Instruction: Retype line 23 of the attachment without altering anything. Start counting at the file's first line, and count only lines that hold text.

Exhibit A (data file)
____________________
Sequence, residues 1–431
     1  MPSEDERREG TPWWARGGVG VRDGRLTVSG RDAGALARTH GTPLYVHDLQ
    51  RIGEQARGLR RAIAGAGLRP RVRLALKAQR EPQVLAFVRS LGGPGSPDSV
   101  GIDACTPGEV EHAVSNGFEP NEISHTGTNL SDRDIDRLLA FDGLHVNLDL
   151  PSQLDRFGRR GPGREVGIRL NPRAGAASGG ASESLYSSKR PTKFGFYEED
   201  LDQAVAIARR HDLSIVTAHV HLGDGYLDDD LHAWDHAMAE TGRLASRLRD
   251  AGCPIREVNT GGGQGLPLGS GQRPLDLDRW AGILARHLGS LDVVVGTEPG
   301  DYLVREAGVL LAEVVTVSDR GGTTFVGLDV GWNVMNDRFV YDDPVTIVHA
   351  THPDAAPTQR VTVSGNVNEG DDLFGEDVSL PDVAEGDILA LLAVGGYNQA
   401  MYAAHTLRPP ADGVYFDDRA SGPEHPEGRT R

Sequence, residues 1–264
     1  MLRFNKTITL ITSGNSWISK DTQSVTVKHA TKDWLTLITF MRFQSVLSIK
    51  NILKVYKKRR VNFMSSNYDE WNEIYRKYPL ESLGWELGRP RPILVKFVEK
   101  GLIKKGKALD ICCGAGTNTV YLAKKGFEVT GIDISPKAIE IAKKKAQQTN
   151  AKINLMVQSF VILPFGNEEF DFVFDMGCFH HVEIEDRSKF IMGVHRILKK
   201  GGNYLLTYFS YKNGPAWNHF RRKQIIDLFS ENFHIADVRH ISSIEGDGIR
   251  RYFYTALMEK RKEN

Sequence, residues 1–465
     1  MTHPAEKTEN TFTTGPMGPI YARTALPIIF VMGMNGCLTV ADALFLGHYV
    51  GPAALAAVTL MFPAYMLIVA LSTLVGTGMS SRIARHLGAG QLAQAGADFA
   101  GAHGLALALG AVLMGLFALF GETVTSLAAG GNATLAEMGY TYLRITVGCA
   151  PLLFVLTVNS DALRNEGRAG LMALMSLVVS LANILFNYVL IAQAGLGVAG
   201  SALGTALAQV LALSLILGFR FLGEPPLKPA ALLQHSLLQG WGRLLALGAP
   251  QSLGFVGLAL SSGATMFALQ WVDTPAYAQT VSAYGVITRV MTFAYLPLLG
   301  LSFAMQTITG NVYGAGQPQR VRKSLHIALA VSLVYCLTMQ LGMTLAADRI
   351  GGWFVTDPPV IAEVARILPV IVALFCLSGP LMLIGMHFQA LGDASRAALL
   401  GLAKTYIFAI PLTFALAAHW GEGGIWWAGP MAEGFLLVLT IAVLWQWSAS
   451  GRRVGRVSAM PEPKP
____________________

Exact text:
   201  SALGTALAQV LALSLILGFR FLGEPPLKPA ALLQHSLLQG WGRLLALGAP